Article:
(5th Cir.), cert. denied sub nom, Simms v. First Madison Bank, FSB, 136 L. Ed. 2d 535, 117 S. Ct. 610 (1996)); See also Sayers, 522 F. Supp. at 839 (To make out the prima facie case, plaintiff must show that the defendant's requirements for accepting credit applications result in the acceptance of credit applicants in a pattern significantly different from that of the general pool of applicants.) Plaintiffs traditionally establish this prima facie case by making "a statistical comparison of the representation of the protected class in the applicant pool with representation in the group actually accepted from the pool." Id. "If the statistical disparity is significant, then plaintiff is deemed to have made out a prima facie case." Cherry, 490 F. Supp. 1026 at 1030. However, courts have found that "proof of disparate impact need not be shown by statistics in every case nor need it be shown by proof of actual disproportionate exclusion from the applicant pool." Id. at 1031. The Cherry court commented that some Title VII cases have permitted reference to the general population on the assumption that the applicant pool would possess approximately the same characteristics. But this assumption is not valid in every case. Plaintiff must demonstrate why the use of general population statistics would be valid. Cherry, 490 F. Supp. at 1031 n.9.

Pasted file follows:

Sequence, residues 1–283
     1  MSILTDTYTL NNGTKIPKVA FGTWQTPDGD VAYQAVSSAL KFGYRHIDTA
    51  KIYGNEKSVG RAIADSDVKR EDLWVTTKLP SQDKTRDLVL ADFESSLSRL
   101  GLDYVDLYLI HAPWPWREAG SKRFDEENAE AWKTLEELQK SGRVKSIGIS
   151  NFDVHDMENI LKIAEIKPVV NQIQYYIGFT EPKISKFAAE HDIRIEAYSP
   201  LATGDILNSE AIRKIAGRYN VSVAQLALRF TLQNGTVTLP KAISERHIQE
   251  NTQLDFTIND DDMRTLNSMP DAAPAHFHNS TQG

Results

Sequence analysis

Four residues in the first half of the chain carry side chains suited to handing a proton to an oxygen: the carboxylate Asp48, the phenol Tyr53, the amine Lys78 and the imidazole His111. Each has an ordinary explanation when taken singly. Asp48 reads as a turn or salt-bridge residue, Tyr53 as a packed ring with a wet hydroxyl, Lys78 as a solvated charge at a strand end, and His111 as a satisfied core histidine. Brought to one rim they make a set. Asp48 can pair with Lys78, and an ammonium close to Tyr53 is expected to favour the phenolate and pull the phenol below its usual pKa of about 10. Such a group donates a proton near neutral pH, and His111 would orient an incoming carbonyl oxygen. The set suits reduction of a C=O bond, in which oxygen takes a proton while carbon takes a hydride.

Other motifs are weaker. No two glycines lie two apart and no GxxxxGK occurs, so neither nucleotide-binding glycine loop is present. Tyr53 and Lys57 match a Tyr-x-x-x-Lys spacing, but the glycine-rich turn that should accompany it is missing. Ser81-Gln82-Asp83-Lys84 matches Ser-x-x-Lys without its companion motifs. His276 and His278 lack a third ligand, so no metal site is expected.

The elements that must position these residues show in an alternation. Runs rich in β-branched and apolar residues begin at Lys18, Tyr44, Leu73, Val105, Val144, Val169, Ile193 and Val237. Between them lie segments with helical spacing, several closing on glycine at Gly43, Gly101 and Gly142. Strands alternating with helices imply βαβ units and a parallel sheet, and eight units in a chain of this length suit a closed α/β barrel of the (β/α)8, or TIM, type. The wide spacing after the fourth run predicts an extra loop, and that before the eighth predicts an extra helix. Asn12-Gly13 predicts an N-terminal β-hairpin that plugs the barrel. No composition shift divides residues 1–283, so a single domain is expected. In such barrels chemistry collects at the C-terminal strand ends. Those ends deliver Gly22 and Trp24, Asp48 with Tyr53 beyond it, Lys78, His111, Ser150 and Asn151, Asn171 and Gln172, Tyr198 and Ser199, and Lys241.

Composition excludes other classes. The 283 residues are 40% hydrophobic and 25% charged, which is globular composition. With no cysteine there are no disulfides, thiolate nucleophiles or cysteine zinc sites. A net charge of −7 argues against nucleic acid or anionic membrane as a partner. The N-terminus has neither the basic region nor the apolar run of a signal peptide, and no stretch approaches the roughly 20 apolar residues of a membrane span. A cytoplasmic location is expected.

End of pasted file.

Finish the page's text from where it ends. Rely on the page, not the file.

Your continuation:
Once the plaintiff has made the prima facie case, the defendant-lender must demonstrate that any policy, procedure, or practice has a manifest relationship to the creditworthiness of the applicant. See Sayers, 522 F. Supp. at 839 ("manifest relationship to creditworthiness"); Carroll v. Exxon Company, U.S.A., 434 F. Supp. 557, 563 (E.D.La. 1977)(same); Cragin v. First Federal Sav. and Loan Ass'n, 498 F. Supp. 379, 384 (D.Nev. 1980)(because the plaintiffs failed to make out the prima facie case, the defendants were not obligated to show that the practice was "legitimately related to the extension of credit".) In other words, the onus is on the defendant to show that the particular practice makes defendant's credit evaluation system more predictive than it would be otherwise. Cherry, 490 F. Supp. 1026 at 1031.
I. Prima Facie Case